I actually encourage unsubscribes from my newsletter frequently; I encourage a win-win on both digital ends.
And remember, you can always subscribe again!
Ahh, love that. The sound of sweet-ass choices.
Just think how free you and your inbox will feel when that ping comes and you’re all, “Oh hell yes, I can’t wait to open this email” versus dreading what’s lurking in your folders.
The same sentiment goes for unfollowing people on your social media platforms. If you don’t want to interact with someone you’re following on Instagram, Facebook, Twitter, etc. than clickity-click that unfollow button.
I’ve unfollowed people I thought I’d love forever but just wasn’t pickin’ up what they were putting out there NOW (that could always change).
And whenever I think about them or want to see what they’re up to I go creep on their profile. People change. Ideas are fluid.
Keep checking in with where you’re at and the people whom you subscribe to.
Unfollow, unfollow, unfollow to whatever and whoever doesn’t serve the reason why you decide to log-in to these accounts.
TAP THAT APP (GOODBYE)
This doesn’t have to be a permanent thing, it can be temporary.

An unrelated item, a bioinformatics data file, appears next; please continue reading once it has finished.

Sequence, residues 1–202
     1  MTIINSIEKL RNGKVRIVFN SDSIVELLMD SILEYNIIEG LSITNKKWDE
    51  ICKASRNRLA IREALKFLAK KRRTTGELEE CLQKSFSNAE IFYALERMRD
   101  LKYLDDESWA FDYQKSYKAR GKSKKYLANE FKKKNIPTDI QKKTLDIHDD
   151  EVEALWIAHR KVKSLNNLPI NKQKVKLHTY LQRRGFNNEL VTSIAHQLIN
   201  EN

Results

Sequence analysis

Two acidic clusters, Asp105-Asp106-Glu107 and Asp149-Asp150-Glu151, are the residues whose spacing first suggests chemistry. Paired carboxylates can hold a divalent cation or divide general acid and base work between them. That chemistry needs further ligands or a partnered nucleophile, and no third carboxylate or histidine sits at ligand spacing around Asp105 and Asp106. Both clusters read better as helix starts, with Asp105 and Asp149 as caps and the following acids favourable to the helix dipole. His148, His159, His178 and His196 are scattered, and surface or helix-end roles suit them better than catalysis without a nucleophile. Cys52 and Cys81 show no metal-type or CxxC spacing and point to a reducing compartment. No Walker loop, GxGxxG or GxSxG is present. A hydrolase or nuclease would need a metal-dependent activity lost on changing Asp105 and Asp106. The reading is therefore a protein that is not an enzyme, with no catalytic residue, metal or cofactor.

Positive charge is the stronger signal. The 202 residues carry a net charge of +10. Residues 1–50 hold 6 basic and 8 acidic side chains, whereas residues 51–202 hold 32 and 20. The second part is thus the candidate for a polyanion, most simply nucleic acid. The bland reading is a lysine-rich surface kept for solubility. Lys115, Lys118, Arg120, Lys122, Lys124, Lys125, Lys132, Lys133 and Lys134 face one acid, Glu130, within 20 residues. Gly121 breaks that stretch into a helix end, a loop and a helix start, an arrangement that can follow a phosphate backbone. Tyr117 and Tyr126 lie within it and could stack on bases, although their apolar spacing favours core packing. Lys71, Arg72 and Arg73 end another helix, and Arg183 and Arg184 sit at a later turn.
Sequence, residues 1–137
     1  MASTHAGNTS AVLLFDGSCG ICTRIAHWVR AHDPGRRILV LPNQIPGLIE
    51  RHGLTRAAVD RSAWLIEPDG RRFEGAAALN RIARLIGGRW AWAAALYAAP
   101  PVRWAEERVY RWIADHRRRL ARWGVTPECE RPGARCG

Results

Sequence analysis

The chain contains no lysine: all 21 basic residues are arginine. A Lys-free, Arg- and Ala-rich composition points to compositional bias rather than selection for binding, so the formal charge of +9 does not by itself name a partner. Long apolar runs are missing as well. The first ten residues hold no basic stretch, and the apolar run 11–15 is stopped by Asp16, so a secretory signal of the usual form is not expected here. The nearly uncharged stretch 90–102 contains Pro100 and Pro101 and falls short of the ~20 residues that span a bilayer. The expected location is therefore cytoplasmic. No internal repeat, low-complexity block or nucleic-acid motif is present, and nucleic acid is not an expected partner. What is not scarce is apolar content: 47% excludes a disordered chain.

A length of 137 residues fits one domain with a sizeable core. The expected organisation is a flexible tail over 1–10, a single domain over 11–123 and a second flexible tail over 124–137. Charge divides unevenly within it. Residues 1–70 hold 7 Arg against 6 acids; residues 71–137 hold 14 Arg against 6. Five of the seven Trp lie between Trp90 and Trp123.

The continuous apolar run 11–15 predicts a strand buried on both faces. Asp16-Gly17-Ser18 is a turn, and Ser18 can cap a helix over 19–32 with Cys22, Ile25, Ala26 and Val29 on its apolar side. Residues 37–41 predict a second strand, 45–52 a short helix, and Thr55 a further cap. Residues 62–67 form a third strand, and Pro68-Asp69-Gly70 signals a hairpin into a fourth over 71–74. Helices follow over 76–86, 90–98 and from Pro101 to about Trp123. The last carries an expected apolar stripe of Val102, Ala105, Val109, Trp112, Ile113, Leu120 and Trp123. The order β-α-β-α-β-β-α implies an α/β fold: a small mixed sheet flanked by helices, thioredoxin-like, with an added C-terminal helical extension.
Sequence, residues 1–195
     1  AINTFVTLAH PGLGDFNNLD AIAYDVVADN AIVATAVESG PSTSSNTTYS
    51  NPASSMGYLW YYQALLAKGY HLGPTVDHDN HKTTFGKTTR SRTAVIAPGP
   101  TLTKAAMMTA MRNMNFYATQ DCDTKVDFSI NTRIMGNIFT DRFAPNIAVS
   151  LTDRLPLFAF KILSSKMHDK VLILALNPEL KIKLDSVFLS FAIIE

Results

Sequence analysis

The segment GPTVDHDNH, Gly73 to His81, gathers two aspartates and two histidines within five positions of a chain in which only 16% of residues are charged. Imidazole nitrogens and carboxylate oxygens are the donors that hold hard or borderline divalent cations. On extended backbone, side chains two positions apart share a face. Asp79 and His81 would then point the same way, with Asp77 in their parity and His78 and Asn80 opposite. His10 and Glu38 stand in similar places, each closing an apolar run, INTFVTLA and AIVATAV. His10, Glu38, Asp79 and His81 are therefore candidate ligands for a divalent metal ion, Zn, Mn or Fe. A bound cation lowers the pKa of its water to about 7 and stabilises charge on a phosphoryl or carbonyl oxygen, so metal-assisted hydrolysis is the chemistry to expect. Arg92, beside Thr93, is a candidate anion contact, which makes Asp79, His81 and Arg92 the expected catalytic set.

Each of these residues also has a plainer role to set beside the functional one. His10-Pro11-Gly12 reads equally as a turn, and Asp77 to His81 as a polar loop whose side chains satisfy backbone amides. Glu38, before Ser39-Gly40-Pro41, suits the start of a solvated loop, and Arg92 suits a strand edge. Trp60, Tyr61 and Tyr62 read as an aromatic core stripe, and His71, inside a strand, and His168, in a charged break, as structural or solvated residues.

Choose a designated day(s) out of the week when you want to go app-less to the ones you just can’t seem to stop unconsciously opening (can you hear the tap, tap, tap?).
With this app-free idea, weekends are a great place to start.
That’s where my digital detox started. I loved it so much for one day, I thought, “Shoot, I’m gonna keep going ‘till Monday.”
When I re-installed the apps on Monday, I felt refreshed and excited to get in there and resume my online socializing.
Not to mention the brain space I was freed up. Holy hell. The Creativity Juice was strong and flowing and I wasn’t about to tell it to stop.
I realized how much space hitting that app icon all the damn time takes in my head (and energy).
Take control back into your hands (and thumbs) and delete that app!
Now, these are but three tips for partaking in your own kinda digital detox.
Even if you take only one of these tips for an unplug, you’re on the up and up for creative energy and time to plug into things that matter outside of social media.
I’m nowhere near utopia with my iPhone usage, but I’m better than I was.
I’ve cultivated more consciousness around it and with those extended breaks of going app-free – when I reintegrate – I can really see where I go unconscious.
We live in a digital world and if that’s not where you wanna spend your time, that is beyond rad (I’d physically high-five you if I could).
If the online world is a place you want to hang give it the boundaries and space that works for you…’cause the Zombie look (you know the one, where you’ve been staring at that screen too long) is so last season.
Love + Tapping Out From Time to Time,